I did a podcast with him earlier, so the listeners will be familiar with him.

Trent Dyrsmid:

Okay. So he doesn’t publish his income so I won’t say it, but it’s a big number. And when he told me, I was like, “You got to be kidding me. That much from your jasonswenk.com?” He said, “Yeah.” And he says, “I only work 100 hours a month.” A month, not a week, a month. And so that was one of the reasons when our client of Groove said, “We want to hire you, Trent, to build this thing.”

And I said, “Sure, but I’m only giving you 20 hours a week,” because I wanted the other 20 hours to focus on relaunching Bright Ideas on a very focused target audience. And I’m testing this, of course, I might fail and have to pick a different one. But the target audience is entrepreneurs who have built and sold a business, like yours truly, and are looking for, what should I do next? Because I really struggled with that for a few years.

Drew McLellan:

So one of the things that you were doing when you were doing Bright Ideas before, is you were interviewing a lot of agency owners. And so I’m curious, as you stood back and are sort of the observer and you’re learning from all of them, what were they doing wrong that you were able to do differently with your own shop and that you would advise the listeners to think about differently?

Trent Dyrsmid:

I’d say there’s probably two things that really come to mind. Number one, and this is almost unanimously, I saw this. They did not pick a niche.

Drew McLellan:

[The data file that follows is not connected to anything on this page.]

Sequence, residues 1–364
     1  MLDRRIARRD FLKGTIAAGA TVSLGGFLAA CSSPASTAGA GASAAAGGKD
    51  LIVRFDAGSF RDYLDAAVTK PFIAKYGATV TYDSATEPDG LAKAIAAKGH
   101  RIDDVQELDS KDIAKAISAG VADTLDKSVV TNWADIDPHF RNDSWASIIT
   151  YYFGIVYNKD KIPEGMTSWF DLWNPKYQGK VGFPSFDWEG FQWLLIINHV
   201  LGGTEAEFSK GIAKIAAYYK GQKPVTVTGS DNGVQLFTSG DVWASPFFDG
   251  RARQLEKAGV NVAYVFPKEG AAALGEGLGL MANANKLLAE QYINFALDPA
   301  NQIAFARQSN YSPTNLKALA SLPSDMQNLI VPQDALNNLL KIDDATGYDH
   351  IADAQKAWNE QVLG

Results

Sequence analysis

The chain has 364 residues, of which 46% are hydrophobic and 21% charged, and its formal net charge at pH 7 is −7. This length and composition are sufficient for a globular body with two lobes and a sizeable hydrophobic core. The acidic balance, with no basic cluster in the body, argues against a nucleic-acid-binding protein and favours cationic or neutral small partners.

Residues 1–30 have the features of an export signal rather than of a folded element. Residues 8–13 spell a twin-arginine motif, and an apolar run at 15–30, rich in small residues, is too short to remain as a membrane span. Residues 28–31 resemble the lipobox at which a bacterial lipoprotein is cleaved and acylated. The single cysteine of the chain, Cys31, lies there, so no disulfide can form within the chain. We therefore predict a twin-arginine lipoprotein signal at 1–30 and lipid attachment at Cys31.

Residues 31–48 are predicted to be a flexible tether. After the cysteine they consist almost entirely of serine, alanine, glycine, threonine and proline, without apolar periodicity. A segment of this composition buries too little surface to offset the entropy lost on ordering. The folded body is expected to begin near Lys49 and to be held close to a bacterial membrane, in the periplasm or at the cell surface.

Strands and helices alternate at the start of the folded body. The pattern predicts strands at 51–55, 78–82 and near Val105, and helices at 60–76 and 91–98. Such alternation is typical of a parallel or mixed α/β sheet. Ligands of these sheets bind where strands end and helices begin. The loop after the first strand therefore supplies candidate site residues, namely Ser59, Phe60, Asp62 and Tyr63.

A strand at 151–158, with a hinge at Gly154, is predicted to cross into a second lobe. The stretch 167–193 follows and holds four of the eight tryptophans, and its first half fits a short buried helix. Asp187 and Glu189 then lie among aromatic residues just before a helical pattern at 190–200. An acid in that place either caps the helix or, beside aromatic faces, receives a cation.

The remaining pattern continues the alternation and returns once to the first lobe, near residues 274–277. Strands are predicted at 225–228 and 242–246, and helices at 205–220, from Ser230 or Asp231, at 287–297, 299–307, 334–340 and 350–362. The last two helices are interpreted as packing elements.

Yeah. They actually avoid it like the plague.

Trent Dyrsmid:

Yeah. And the reason people don’t pick a niche is always the same. They think, well, if I make the homepage of my website saying I am a digital marketing agency for orthodontists, what about all the people who are an orthodontists? They’re not going to do business with me. So that’s the fear.

Drew McLellan:

Yup.

Trent Dyrsmid:

The reality is, is if you become a digital marketing agency for orthodontists, you’re going to have pricing power. You’re going to have way more traction than you could ever imagine. Because chances are, that’s a niche you can dominate. That’s a niche you can more than likely become the number one.

Like my podcast, I want to become the number one podcast for people who’ve built and sold a company and are looking for their next idea. I don’t know of any other podcasts that focus on that particular audience.

Drew McLellan:

Absolutely.

Trent Dyrsmid:

So that’s the first mistake. And the second one, and this is what I don’t like about professional services businesses. And this is one of the reasons why I’m not trying to grow Groove too much. And I know that sounds silly. Is take too many clients and have to hire too many people, because in a professional services business, the more people, at least in my experience after 10 years of doing it, the more people I hire, the lower my profit margin goes.

Drew McLellan:

Yeah. I think there’s a point where that flips, but I think it’s a challenge when you’re in that small size of five to 10 employees to really drive a lot of profit back to the agency owner.

Trent Dyrsmid: